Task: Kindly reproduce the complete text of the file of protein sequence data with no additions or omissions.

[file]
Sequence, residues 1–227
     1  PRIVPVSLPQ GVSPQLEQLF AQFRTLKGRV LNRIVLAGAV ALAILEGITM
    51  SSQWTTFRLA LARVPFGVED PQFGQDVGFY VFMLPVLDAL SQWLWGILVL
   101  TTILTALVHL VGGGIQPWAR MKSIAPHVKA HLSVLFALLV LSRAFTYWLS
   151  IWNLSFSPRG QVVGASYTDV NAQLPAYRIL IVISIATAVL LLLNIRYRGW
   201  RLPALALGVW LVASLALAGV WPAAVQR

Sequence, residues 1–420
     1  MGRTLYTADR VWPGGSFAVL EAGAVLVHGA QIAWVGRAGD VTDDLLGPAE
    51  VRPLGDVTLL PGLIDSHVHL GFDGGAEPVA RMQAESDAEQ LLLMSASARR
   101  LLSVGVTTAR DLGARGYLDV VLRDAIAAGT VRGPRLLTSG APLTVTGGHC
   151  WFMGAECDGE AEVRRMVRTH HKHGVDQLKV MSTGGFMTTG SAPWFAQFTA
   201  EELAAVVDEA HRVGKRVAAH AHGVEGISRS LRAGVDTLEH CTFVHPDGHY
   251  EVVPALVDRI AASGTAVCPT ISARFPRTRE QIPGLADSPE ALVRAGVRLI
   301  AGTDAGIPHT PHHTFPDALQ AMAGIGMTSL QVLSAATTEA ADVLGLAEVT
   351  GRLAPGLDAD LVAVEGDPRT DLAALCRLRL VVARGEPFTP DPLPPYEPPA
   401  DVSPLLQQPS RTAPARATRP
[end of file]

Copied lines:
Sequence, residues 1–227
     1  PRIVPVSLPQ GVSPQLEQLF AQFRTLKGRV LNRIVLAGAV ALAILEGITM
    51  SSQWTTFRLA LARVPFGVED PQFGQDVGFY VFMLPVLDAL SQWLWGILVL
   101  TTILTALVHL VGGGIQPWAR MKSIAPHVKA HLSVLFALLV LSRAFTYWLS
   151  IWNLSFSPRG QVVGASYTDV NAQLPAYRIL IVISIATAVL LLLNIRYRGW
   201  RLPALALGVW LVASLALAGV WPAAVQR

Sequence, residues 1–420
     1  MGRTLYTADR VWPGGSFAVL EAGAVLVHGA QIAWVGRAGD VTDDLLGPAE
    51  VRPLGDVTLL PGLIDSHVHL GFDGGAEPVA RMQAESDAEQ LLLMSASARR
   101  LLSVGVTTAR DLGARGYLDV VLRDAIAAGT VRGPRLLTSG APLTVTGGHC
   151  WFMGAECDGE AEVRRMVRTH HKHGVDQLKV MSTGGFMTTG SAPWFAQFTA
   201  EELAAVVDEA HRVGKRVAAH AHGVEGISRS LRAGVDTLEH CTFVHPDGHY
   251  EVVPALVDRI AASGTAVCPT ISARFPRTRE QIPGLADSPE ALVRAGVRLI
   301  AGTDAGIPHT PHHTFPDALQ AMAGIGMTSL QVLSAATTEA ADVLGLAEVT
   351  GRLAPGLDAD LVAVEGDPRT DLAALCRLRL VVARGEPFTP DPLPPYEPPA
   401  DVSPLLQQPS RTAPARATRP